Africa´s Independence Day
> "It has been five years since every year this day of April 15, was decreed to be celebrated as Africa's Independence Day. This day is celebrated throughout Africa. It reminds Us of the struggles for independence during the last twelve months and of our African brothers that are still engaged in the fight for freedom.
> For several years in the past, as must be remembered, a large part of the African continent was under colonial rule. In the course of that time, colonialists have stripped the Africans of their freedom and natural rights, and used their resources for the benefit and prosperity of their own country. Even today, colonial masters speak ill of Africans by exaggerating their poverty in the press. Africans are also blamed for the aid they receive. This aid cannot fill the needs of their peoples overnight. From under such humiliation, Africans rose up to safeguard their right and started to struggle to obtain their independence. This struggle began to bear fruit after World War II.
> The first African Independent States Conference was held in Africa in 1958. The independent states at that time were only eight. Nevertheless, the freedom fight in Africa continued with more vigour and fervour and today the number of independent states has reached thirty two. This is four times the size of those independent countries which participated in the Accra Conference. Last year alone Rwanda, Burundi, Uganda, and Algeria achieved their independence and became members of the Independent African States. Although it had been duly extended at the appropriate time, we will again venture to express our congratulations to these friendly countries.
> In our neighbour country, Kenya, a new political trend is taking shape and elections are expected to be held soon. It is our earnest wish that Kenya achieves independence immediately after the conclusion of a successful election. That Kenya obtains her independence without the dismemberment of her regions is the policy that Ethiopia strongly supports. Ethiopia opposes all those who try to dismember Kenya under the claim of tribalism.
> Congo has been in turmoil after independence. It has been gratifying to Us to see Katanga reintegrated last year into the central government to form a united Congo Republic. We are especially pleased, because Ethiopia has sent her troops to Congo in the name of the United Nations and made substantial contribution to the unity of that country.
> In Central Africa too, political movement is quite encouraging. Under the eminent leadership of Dr. Kamuza Banda, Nyasaland achieved local government under its nationals and the day of her independence is anxiously being awaited in the very near future. It has also been made clear in a recent London Conference that Northern Rhodesia has secured its right of secession from the colonialist-run Federation, and it is fast marching towards independence.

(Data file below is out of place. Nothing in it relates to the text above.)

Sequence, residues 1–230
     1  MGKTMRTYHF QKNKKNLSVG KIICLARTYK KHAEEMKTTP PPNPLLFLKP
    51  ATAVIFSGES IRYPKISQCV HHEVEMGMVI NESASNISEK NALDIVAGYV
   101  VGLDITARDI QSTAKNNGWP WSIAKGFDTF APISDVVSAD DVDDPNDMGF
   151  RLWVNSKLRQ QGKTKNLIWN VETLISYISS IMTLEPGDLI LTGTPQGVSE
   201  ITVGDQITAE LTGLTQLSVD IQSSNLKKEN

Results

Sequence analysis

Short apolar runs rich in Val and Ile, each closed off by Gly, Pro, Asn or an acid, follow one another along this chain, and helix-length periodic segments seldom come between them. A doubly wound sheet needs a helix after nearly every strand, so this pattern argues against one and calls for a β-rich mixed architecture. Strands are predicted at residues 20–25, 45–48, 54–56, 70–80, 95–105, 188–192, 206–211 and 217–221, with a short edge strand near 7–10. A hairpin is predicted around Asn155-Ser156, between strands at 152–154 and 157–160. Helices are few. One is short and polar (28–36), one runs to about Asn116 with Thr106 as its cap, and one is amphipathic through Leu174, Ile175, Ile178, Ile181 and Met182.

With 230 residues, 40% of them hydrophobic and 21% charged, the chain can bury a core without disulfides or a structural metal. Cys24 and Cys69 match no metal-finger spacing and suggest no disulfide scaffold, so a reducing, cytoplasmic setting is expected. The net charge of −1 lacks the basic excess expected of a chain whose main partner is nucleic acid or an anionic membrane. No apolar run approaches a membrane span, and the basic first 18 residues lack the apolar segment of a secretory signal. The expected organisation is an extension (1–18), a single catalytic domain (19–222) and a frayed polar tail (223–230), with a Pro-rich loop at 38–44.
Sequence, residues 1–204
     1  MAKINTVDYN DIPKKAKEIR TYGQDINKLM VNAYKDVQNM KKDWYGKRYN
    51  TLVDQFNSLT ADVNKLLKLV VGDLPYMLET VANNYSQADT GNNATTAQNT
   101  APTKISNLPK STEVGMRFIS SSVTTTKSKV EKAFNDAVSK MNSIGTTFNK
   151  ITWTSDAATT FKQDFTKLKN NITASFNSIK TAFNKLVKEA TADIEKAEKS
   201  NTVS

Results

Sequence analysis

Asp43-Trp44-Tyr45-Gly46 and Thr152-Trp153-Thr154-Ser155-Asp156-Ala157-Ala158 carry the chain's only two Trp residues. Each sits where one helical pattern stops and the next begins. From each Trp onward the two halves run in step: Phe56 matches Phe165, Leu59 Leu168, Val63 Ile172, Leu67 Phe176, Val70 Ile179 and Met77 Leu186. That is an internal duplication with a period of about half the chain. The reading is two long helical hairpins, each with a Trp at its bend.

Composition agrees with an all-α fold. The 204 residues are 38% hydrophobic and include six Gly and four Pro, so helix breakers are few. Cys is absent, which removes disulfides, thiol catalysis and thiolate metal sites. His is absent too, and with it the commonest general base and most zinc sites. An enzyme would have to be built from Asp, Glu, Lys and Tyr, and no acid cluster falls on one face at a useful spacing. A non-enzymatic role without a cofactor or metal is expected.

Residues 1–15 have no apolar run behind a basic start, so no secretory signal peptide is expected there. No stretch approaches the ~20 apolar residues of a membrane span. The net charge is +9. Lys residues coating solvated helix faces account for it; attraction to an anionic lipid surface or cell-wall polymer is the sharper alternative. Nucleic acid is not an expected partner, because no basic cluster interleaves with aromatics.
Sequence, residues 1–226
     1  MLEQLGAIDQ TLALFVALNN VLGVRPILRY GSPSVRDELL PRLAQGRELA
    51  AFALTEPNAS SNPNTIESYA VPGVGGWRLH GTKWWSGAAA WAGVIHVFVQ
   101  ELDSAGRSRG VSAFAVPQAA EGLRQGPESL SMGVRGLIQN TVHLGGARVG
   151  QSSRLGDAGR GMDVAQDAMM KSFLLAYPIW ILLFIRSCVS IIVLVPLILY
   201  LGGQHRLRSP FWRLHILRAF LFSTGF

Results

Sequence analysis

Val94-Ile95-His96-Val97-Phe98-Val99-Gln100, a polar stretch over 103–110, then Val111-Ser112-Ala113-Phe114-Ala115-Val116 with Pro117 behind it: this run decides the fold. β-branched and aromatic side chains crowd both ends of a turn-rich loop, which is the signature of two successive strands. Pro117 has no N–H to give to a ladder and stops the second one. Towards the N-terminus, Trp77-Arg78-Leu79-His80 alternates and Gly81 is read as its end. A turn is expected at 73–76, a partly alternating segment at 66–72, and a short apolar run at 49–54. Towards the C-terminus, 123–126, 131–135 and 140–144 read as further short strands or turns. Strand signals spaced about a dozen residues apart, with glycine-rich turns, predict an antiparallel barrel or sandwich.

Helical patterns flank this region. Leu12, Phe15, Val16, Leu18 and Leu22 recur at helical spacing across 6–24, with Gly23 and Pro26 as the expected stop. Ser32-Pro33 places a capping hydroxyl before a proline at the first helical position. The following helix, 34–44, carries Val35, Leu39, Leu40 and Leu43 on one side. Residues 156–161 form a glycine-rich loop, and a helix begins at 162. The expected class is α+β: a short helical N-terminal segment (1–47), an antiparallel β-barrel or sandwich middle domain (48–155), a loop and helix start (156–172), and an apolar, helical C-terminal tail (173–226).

> Meanwhile, the fate of Africans in Southern Rhodesia is in a precarious situation. Many Africans and their leaders are found arbitrarily imprisoned and consequently, the country is in chaos, We will not hesitate to remind the British Government to make use of its responsibility to hand over authority to the African majority so that Southern Rhodesia will also be independent. Until now the British Government has shown wisdom and sound judgment in providing independence for Africans, in a manner constructive and objective.
> The South African racial government apartheid policy has deteriorated instead of effecting leniency and improvement. A large number of Africans, fighting for their freedom, are from day-to-day hauled into jails without due process of law, and are made to suffer under severe conditions. Defying world opinion, breaking international laws and disrespecting the United Nations Charter, the South African government continues practicing its atrocious and odious policy. Nevertheless, Ethiopia will not deny assistance to our brother Africans who live in that unfortunate country.
> We shall not pass without expressing our regret to the Portuguese Government, that the fate of Africans in its colonies has not been up to now improved so as to have prepared them for independence. What We would again remind the Portuguese Government, is to prepare Africans in its colonial territories for self-government in order to curtail heavy blood-shed. Ethiopia will not refrain from endeavouring to assist in finding solutions by which Africans under Portuguese colonies will obtain independence.